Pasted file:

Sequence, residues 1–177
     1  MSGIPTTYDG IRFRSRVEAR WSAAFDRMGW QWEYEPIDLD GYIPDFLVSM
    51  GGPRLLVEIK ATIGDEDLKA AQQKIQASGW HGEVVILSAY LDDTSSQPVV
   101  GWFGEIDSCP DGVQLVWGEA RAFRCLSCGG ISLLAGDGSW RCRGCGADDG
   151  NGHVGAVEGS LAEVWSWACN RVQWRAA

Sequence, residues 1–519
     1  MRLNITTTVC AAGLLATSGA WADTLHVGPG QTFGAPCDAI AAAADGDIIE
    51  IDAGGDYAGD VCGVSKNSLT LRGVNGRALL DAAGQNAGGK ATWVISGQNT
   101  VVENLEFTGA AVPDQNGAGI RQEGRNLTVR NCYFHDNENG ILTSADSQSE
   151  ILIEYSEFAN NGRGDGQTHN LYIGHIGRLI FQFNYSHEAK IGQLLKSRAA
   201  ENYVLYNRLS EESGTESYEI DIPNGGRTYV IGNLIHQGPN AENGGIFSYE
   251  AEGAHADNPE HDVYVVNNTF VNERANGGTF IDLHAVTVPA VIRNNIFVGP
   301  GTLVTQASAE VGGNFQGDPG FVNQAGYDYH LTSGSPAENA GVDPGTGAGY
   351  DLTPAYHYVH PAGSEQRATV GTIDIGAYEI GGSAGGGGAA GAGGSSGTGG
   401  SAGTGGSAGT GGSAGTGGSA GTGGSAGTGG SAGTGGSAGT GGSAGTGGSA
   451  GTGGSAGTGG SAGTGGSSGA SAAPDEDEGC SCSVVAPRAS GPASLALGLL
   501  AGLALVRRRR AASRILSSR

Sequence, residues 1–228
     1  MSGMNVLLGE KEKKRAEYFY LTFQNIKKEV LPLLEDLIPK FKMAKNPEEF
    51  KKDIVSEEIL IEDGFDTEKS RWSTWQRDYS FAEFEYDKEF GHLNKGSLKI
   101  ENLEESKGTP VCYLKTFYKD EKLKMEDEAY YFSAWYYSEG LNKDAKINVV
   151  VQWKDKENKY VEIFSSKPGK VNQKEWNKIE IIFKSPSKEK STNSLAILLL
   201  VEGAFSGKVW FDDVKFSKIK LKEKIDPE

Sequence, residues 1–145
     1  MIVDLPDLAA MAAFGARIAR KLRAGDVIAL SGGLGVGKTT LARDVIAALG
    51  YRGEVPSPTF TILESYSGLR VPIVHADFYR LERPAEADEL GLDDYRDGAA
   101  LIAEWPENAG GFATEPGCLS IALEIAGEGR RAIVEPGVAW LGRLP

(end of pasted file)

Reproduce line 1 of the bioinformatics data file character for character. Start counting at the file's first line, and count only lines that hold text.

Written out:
Sequence, residues 1–177